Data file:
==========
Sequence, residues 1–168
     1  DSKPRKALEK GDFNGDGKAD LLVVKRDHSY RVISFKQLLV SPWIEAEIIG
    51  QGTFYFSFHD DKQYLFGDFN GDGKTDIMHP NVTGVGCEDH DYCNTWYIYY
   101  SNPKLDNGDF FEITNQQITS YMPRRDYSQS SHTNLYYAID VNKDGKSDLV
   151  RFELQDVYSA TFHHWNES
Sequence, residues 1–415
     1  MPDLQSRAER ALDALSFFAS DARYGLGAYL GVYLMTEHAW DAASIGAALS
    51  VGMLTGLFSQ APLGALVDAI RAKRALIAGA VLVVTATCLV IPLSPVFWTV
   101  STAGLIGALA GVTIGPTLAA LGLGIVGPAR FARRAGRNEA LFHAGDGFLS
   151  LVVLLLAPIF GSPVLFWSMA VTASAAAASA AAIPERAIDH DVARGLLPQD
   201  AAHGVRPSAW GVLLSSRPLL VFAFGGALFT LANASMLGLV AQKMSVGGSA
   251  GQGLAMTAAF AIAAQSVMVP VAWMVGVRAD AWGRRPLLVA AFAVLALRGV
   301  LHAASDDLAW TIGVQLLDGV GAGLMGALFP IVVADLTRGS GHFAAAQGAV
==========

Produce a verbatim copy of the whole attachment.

Sequence, residues 1–168
     1  DSKPRKALEK GDFNGDGKAD LLVVKRDHSY RVISFKQLLV SPWIEAEIIG
    51  QGTFYFSFHD DKQYLFGDFN GDGKTDIMHP NVTGVGCEDH DYCNTWYIYY
   101  SNPKLDNGDF FEITNQQITS YMPRRDYSQS SHTNLYYAID VNKDGKSDLV
   151  RFELQDVYSA TFHHWNES
Sequence, residues 1–415
     1  MPDLQSRAER ALDALSFFAS DARYGLGAYL GVYLMTEHAW DAASIGAALS
    51  VGMLTGLFSQ APLGALVDAI RAKRALIAGA VLVVTATCLV IPLSPVFWTV
   101  STAGLIGALA GVTIGPTLAA LGLGIVGPAR FARRAGRNEA LFHAGDGFLS
   151  LVVLLLAPIF GSPVLFWSMA VTASAAAASA AAIPERAIDH DVARGLLPQD
   201  AAHGVRPSAW GVLLSSRPLL VFAFGGALFT LANASMLGLV AQKMSVGGSA
   251  GQGLAMTAAF AIAAQSVMVP VAWMVGVRAD AWGRRPLLVA AFAVLALRGV
   301  LHAASDDLAW TIGVQLLDGV GAGLMGALFP IVVADLTRGS GHFAAAQGAV